Year 5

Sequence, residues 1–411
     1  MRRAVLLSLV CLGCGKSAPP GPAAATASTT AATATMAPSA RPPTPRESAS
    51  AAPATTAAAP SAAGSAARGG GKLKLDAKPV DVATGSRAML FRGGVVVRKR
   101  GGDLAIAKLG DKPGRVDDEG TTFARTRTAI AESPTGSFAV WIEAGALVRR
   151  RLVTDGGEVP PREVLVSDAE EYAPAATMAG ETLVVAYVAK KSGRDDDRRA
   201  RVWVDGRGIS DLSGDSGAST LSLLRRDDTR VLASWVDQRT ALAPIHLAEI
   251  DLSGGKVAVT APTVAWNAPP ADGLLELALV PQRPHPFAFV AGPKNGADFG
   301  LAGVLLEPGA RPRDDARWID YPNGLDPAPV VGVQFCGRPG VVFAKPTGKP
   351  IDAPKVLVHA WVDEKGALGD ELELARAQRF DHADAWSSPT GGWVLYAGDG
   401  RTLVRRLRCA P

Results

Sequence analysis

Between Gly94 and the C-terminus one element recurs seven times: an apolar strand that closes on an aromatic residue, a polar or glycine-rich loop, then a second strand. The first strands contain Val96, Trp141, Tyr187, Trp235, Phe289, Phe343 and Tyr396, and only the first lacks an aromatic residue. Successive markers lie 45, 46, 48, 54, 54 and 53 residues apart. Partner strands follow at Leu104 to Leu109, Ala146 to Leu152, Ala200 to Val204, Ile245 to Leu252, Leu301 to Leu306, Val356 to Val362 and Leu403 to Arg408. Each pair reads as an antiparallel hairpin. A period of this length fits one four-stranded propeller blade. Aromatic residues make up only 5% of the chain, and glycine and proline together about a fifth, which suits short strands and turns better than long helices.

Acute myeloid leukemia (AML) is the most common acute leukemia in adults and a very serious disease. Most AML cells arise from a group of special stem cells, named leukemia stem cells (LSCs). One major reason for treatment failure is that LSCs are relatively resistant to current treatments. Although most leukemia cells are killed by treatment, resistant LSCs will survive to regenerate additional leukemia cells and cause a recurrence of leukemia. Recently, we have developed a small molecule that can recognize and bind to AML LSCs. We have also developed tiny particles named nanomicelles. These nanomicelles have a size of about 1-2/100th of one micron (one millionth of a meter), and can be loaded with chemotherapy drug called daunorubicin that can kill LSCs. In this project, we will coat the drug-loaded nanomicelles with small molecules that specifically bind and kill LSCs. In patient’s body, these drug-loaded nanomicelles will work like “smart bombs”, and deliver a high concentration of daunorubicin to kill LSCs. Over the last one year, we found that these LSC-targeting nanomicelles could target and kill LSC more efficiently that free daunorubicin or nanomicelles that do not target LSC. We also found that, compared to free daunorubicin commonly used in the treatment of AML now, daunorubicin in nanomicelles could raise the blood daunorubicin concentration by more than 20 times. This is clinically significant as leukemia cells and LSC are located inside blood vessels and bone, and have direct contact with blood. Therefore, increase in blood daunorubicin concentration may represent more efficiency in killing leukemia and LSC.